4 RTT() - RTT() (ms) Figure : Setup of MPTCP measurement. Figure : of the difference between average Ping RTT with and. The grey region shows % of the data samples whose RTT is lower than RTT. for the primary subflow changes the average throughput of a KByte flow by % in the median (Figure 8 in Section.).. For long flows, selecting the proper congestion control algorithm is also important. For example, using different congestioncontrol algorithms (coupled or decoupled) changes the average throughput of a MByte flow by % in the median (Figure in Section.).. MPTCP s backup mode is typically used for energy efficiency: keeping fewer interfaces active reduces energy consumption overall. However, we find that for MPTCP in Backup Mode, if is set to the backup interface, very little energy can be saved for flows that last shorter than seconds (Section.).. MPTCP Overview MPTCP initiates a connection in a manner similar to regular TCP: it picks one of the available interfaces and establishes a TCP connection using a SYN-ACK exchange with the server over that interface. Every TCP connection that belongs to a MPTCP connection is called an MPTCP subflow. The first established subflow is called the primary subflow. We used the Linux MPTCP implementation for our measurements [] (Ubuntu Linux. with Kernel version.., with the MPTCP Kernel implementation version v.88). In this implementation, MPTCP initiates the primary subflow on the interface used as the default route on the machine. Once the primary subflow is established, if there are other interfaces available, MPTCP creates an additional subflow using each new interface, and combines the new subflow with the existing subflows on the same MPTCP connection. For example, a mobile device can establish an MPTCP primary subflow through to the server, and then add an subflow to the server. To terminate the connection, each subflow is terminated using four-way FIN-ACKs, similar to TCP. In Section., we study the effect of choosing different interfaces for the primary subflow on MPTCP performance. There are two kinds of congestion-control algorithms used by MPTCP: decoupled and coupled. In decoupled congestion control, each subflow increases and decreases its congestion window independently, as if they were independent TCP flows []. In coupled congestion control, each subflow in an MPTCP connection increases For simplicity, here we only explain how MPTCP works when the server is single-homed (like the server in our experiments), and the client alone is multi-homed. its congestion window based on ACKs both from itself and from other subflows [, ] in the same MPTCP connection. In Section., we compare the coupled and decoupled algorithms and find that using different congestion-control algorithms has less impact on throughput compared with selecting the correct interface for primary subflows for short flows. However, for long flows, changing congestion-control algorithms results in a substantial throughput difference.. Measurement Setup Figure shows the MPTCP measurement setup. The MPTCP Client is a laptop running Ubuntu. with MPTCP installed. We tethered two smartphones to the laptop, one in airplane mode with enabled, and the other with disabled but connected to (either the Verizon or the Sprint network). The MPTCP server is located at MIT, with a single Ethernet interface, also running Ubuntu. with MPTCP installed. We installed a modified version of Cell vs on both phones. The phone with enabled only measures performance, i.e., Step in Figure. The phone connected to only measures cellular network performance, i.e., Step in Figure. The experimental setup also allows us to measure the energy consumption separately for each interface, which we present in Section.. Each measurement run comprises the following:. Single path TCP upload and download using modified Cell vs through.. Single path TCP upload and download using modified Cell vs through.. MPTCP upload and download in Full-MPTCP mode with as the primary subflow.. MPTCP upload and download in Full-MPTCP mode with as the primary subflow. We conducted the measurements at different locations on the east and west coasts of the United States, shown in Table. At each city, we conduct our measurement at places where people would often use mobile devices: cafes, shopping malls, university campuses, hotel lobbies, airports, and apartments. At 7 of the locations, we measured both Verizon and Sprint networks, using both MPTCP congestion-control algorithms: decoupled and coupled. At the other locations, we were able to measure only the Verizon network with coupled congestion control. In Figure, we compare the and throughput distributions for the data we collected at these locations and the data collected from Cell vs in Section. We can see that for both upload and download, the -Location curves are close to the curve from Section, implying that the locations that were selected have similar variability in network conditions as the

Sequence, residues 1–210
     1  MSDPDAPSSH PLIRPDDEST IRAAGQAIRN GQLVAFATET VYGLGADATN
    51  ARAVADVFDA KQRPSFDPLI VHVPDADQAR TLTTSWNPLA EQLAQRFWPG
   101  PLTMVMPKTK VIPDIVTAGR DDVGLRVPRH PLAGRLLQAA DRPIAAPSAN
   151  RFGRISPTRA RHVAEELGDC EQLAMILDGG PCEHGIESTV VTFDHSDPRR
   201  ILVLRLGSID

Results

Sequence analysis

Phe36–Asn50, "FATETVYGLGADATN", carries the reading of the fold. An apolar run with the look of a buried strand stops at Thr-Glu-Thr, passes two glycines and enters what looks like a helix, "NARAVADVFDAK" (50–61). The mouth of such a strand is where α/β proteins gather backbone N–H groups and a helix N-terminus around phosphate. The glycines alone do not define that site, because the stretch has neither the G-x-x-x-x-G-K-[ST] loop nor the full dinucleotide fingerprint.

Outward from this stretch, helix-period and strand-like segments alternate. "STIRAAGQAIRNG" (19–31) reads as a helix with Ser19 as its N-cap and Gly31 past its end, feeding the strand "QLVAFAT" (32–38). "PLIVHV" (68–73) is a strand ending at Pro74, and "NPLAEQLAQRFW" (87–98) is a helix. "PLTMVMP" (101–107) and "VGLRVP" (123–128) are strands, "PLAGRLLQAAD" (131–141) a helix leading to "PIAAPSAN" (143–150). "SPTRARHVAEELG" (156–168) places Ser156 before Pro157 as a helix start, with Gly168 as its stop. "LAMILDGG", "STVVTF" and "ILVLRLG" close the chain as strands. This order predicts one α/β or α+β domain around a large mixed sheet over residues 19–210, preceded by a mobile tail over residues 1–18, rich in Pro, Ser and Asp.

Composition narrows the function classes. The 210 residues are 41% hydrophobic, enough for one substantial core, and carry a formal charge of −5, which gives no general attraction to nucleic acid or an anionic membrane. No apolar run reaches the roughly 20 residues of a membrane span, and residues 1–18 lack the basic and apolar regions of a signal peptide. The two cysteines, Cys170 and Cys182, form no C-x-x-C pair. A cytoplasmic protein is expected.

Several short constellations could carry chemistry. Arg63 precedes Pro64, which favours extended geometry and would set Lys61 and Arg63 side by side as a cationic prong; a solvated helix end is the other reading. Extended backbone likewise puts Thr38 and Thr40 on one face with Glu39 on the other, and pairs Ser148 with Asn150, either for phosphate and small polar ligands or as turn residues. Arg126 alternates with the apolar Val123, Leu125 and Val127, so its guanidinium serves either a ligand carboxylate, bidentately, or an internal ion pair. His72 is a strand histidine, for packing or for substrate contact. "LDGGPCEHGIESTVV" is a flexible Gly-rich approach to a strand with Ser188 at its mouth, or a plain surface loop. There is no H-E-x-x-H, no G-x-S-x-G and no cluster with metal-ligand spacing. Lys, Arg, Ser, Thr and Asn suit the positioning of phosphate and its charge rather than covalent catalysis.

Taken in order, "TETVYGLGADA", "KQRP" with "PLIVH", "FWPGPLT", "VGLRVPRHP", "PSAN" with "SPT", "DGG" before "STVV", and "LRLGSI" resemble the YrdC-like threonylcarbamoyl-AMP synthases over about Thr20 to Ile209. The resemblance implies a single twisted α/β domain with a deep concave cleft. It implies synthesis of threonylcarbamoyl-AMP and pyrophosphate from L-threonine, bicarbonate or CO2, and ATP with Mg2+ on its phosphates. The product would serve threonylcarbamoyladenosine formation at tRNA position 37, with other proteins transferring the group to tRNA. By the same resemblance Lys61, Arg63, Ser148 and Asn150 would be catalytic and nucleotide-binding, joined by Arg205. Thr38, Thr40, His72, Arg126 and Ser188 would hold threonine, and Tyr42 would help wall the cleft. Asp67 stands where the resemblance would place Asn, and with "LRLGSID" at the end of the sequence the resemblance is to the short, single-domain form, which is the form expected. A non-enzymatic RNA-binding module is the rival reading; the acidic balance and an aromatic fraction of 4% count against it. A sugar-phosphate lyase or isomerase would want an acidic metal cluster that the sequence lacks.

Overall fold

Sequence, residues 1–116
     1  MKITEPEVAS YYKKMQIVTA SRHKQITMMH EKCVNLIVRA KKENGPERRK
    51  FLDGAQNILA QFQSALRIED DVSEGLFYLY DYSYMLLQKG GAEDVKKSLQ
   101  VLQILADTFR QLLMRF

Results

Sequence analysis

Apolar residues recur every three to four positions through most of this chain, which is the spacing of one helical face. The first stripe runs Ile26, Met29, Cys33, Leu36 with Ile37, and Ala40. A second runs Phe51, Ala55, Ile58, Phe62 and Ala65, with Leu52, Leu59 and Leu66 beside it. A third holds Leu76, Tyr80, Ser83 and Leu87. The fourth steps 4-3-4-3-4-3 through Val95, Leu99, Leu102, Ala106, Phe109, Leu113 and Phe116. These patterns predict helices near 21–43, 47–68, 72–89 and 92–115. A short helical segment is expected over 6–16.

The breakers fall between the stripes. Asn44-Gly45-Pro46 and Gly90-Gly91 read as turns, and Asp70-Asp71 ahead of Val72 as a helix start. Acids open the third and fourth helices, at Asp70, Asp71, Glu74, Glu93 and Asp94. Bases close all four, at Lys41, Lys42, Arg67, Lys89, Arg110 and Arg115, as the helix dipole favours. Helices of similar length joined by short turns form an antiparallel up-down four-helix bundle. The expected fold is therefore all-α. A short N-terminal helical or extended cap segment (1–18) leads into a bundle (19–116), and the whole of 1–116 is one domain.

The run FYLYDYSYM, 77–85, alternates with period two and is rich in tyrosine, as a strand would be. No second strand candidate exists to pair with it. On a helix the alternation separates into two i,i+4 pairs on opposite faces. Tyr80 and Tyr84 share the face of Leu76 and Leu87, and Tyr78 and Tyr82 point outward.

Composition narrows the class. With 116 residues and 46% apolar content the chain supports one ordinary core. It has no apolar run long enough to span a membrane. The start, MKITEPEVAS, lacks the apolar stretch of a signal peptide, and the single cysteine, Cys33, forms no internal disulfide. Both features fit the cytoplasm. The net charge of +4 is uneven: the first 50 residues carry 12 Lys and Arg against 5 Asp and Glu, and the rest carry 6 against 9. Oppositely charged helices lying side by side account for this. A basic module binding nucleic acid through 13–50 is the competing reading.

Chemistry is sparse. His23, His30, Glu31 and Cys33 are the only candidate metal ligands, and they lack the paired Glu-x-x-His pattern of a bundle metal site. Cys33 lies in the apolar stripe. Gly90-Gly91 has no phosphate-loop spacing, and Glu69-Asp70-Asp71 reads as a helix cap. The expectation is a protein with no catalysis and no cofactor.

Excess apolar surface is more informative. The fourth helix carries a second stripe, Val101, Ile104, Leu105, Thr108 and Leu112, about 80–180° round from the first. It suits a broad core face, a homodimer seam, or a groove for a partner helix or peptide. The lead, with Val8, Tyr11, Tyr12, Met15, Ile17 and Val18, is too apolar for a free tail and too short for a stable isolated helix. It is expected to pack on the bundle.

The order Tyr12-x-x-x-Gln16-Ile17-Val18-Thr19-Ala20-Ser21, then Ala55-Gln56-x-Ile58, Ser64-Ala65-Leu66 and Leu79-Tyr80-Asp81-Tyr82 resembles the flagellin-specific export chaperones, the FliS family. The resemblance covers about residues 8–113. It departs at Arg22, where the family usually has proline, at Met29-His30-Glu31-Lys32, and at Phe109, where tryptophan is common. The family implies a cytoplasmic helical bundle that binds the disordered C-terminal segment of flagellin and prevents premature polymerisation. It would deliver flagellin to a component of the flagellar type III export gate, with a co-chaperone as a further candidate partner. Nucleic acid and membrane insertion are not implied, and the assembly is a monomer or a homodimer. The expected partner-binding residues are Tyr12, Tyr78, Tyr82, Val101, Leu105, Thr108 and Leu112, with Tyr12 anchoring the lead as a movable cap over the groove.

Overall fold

5 App Data -Location Tput() - Tput() (mbps). App Data -Location Tput() - Tput() (mbps) (a) Uplink (b) Downlink Figure : for and throughput measured using regular TCP at locations (shown as -Location ) comparing with the in Figure (shown as App Data ). ID City Description Amherst, MA University Campus, Indoor Amherst, MA University Campus, Outdoor Amherst, MA Cafe, Indoor Amherst, MA Downtown, Outdoor Amherst, MA Apartment, Indoor Boston, MA Cafe, Indoor 7 Boston, MA Shopping Mall, Indoor 8 Boston, MA Subway, Outdoor 9 Boston, MA Airport, Indoor Boston, MA Apartment, Indoor Boston, MA Cafe, Indoor Boston, MA Downtown, Outdoor Boston, MA Store, Indoor Santa Babara, CA Hotel Lobby, Indoor Santa Babara, CA Hotel Room, Indoor Santa Babara, CA Conference Room, Indoor 7 Los Angeles, CA Airport, Indoor 8 Washington, D.C. Hotel Room, Indoor 9 Princeton, NJ Hotel Room, Indoor Philadelphia, PA Hotel Room, Indoor Table : Locations where MPTCP measurements were conducted Cell vs dataset. For simplicity, in the rest of Section, we only show results of downlink flows from the server to the client.. TCP vs. MPTCP A natural question pertaining to MPTCP is how the performance of MPTCP compares with the best single-path TCP performance achievable by an appropriate choice of networks alone. To answer this, we look at all four MPTCP variants (two congestion-control algorithms times two choices for the network used by the primary subflow) and both single-path TCP variants ( and ) as a function of flow size. Figure 7 illustrates two qualitatively different behaviors. Figure 7a shows a case where the performance of MPTCP is always worse than the best single-path TCP regardless of flow size KB. KB MB Relative Difference(%) Figure 8: of relative difference between MPTCP LT E and MPTCP, for different flow sizes. The median relative difference for each flow size: % for KBytes, 9% for KBytes and 8% for MByte. Thus, throughput for smaller flow sizes is more affected by the choice of the network for the primary subflow. This occurs in a particularly extreme scenario where a large disparity in link speeds between the two networks ( and ) leads to degraded MPTCP performance irrespective of flow size. On the other hand, Figure 7b shows an alternative scenario where MPTCP is better than the best single-path TCP at larger flow sizes. In both cases, however, picking the right network for single-path TCP is preferable to using MPTCP for smaller flows. These results suggest that it may not always be advisable to use both networks, and an adaptive policy that automatically picks the networks to transmit on and the transport protocol to use would improve performance relative to any static policy.. Primary Flow Measurement We then study how the choice of the network for the primary subflow can affect MPTCP throughput for different flow sizes. To show this quantitatively, we calculate the relative throughput difference as: